continued Senior Daniel Kringer, who plays Phantom, explained that the musical difficulty ranges from piece to piece, with some of the more difficult songs being “dissident ... creepy.” He feels it has all gone “really well … and we got used to it rather quickly.” The sheer number of words in each song has been another challenge, he said.
Hagen said the show demands 150 different costumes, as each cast member changes at least three times. A crew led by parent Pam Spear is altering/fitting all of the rental costumes and designing and sewing the rest.
Everyone involved seems to be aware of the fact that the show is epic, and that this is Mickey Kringer’s 50th Skaneateles High School production. Did he choose Phantom because it is the 50th show? “No,” he said. “All of the planets had to align.” It had to be the right cast, he said. “You have to know what type of show is best for the cast … what type of show they are most capable of doing and reaching their full potential.”
It isn’t about one group being more talented … it is about where the talents lie. Some years, the given talent might point to a comedy. In the case of Phantom, “every one of these leads needs to be a solo singer. And every lead is just that … a very talented singer.”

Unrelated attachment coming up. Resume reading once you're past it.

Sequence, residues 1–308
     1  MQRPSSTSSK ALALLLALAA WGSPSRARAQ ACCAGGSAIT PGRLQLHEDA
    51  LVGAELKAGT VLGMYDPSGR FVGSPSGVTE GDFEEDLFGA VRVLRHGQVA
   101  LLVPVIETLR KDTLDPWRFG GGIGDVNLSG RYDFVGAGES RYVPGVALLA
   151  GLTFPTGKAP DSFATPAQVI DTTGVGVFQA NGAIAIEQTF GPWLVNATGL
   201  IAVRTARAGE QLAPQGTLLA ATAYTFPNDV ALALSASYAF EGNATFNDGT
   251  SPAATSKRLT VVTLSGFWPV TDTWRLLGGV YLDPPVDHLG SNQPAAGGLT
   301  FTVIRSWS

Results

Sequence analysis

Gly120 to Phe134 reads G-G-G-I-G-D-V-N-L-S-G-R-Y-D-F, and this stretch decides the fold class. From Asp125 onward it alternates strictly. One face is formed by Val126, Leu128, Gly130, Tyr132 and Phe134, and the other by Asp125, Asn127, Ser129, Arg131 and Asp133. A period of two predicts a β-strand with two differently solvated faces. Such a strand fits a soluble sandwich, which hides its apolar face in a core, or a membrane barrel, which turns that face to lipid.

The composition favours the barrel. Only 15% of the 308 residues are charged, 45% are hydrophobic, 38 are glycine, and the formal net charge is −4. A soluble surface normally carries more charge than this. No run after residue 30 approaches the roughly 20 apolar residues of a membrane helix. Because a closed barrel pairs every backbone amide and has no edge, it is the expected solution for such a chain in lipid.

As the stars aligned, this is also Daniel Kringer’s senior year. While Daniel plays the phantom, his brother Jeffrey, Kringer’s middle son, plays the part of Raoul, Vicomte de Chagny.
Kringer has inspired, motivated and directed students in productions for 24 years (usually doing two a year and sometimes three), and he has taken great pride in all of the talented young people. It’s likely that this one — the 50th show — holds “epic” proportions in his own heart, because of how the planets aligned with his own sons.